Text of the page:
How to Check a Well Tank’s Pressure

The following are the steps to follow when checking and adjusting the air pressure in your well tank:

1. Determine your Cut-in Pressure

You need to first know your pressure switch’s cut-in pressure. Remember I mentioned that your pressure tank needs to be set at 2 psi less than the cut-in pressure.

To check your pressure switch’s cut-in pressure, this is what to do:

  • Open a nearby faucet and leave the water running.
  • Dash to where you have the pressure tank and keenly observe the pressure gauge connected to it.
  • Notice the exact pressure when the well pump kicks in. That is your cut-in pressure.
  • Turn off the faucet.
  • Again, check the pressure when the well pump goes off. That is your cut-off pressure.

2. Turn off the Pump

Since you will be draining the tank (meaning pressure will be way lower than the cut-in pressure), you will want to make sure your pump is turned off.  Draining water from the tank with more being supplied by the tank will have you working for eternity.

Dash to your electrical panel and check the breaker marked “Well Pump”. Flip it to the off position. You can as well plug off the pump from the electrical outlet on the wall.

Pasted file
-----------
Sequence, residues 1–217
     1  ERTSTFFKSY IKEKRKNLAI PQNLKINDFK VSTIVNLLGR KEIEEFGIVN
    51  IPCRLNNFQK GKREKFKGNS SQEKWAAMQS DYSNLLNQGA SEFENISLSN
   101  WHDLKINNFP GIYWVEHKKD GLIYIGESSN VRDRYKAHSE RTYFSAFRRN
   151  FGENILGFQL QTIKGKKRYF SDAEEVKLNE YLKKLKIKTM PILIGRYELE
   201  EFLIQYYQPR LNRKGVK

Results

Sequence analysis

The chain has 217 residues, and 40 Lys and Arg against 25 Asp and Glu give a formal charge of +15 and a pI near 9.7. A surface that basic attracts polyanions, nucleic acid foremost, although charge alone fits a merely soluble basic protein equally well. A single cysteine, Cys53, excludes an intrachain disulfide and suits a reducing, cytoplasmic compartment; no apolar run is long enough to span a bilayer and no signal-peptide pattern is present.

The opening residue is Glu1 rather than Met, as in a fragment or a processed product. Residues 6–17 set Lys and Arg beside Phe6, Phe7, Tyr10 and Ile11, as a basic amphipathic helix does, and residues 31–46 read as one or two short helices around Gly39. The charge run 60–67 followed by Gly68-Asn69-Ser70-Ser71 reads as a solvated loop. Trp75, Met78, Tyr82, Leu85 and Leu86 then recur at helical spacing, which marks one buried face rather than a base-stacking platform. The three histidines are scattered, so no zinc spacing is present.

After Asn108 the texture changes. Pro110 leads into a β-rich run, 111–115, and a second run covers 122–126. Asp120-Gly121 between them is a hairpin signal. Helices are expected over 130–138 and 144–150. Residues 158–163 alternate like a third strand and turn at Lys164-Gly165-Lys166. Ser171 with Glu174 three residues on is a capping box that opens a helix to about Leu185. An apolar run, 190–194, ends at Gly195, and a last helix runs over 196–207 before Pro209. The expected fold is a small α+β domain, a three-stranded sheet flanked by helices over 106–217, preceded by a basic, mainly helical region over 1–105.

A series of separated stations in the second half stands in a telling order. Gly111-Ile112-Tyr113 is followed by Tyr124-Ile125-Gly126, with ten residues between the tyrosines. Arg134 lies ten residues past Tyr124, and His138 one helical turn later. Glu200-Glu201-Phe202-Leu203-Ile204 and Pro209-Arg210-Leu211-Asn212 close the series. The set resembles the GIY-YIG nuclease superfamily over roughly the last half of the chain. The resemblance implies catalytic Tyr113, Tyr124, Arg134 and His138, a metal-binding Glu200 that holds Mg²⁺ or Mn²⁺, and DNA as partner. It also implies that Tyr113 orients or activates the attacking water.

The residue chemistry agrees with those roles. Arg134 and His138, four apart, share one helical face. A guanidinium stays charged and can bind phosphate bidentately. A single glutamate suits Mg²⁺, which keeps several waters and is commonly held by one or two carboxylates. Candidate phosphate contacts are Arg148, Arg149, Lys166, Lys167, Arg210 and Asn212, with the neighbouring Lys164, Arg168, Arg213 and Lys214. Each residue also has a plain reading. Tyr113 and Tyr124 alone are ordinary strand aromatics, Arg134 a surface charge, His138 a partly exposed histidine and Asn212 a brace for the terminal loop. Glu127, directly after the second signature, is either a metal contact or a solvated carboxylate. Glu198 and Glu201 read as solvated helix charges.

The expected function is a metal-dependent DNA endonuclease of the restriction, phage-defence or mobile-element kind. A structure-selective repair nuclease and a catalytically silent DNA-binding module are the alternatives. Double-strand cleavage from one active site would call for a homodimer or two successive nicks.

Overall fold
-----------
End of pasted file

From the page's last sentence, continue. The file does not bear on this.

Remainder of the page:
If you have any water filtration equipment in your house, you will also need to turn them off or bypass them before draining the tank to avoid being clogged by sediments.

3. Drain the Tank


So, why do you need to drain the pressure tank? The reason why you want to drain the pressure tank is that the water inside the bladder (or under the diaphragm) is already compressing the air chamber at the top of the tank.

Checking the pressure with the tank full of water will therefore be erroneous since you will end up with the water pressure and not the air pressure. You need to check the pressure when the tank is empty.

Before draining the tank, you should also check if the tank is waterlogged. Tap the bottom of the tank with your arm then the top. The bottom part of the tank should be cold and sound solid when tapped.

Due to the air at the top of the tank, the top half is expected to be warmer and sound hollow when tapped. If however the tank is all cold and sounds solid from top to bottom, it is most likely waterlogged.

Remove the cap on the air inlet valve at the top of the tank and try to bleed off some pressure. If you see water coming out and not air, the tank is waterlogged and will need to be replaced.

  • Turn off water to the house. On the pipe that delivers water from the tank to the house is shut off valve which you need to turn off prior to draining the tank.
  • Connect a garden hose on the boiler drain on the manifold at the bottom of the tank. Direct the end of the garden hose out into the driveway or into a floor drain.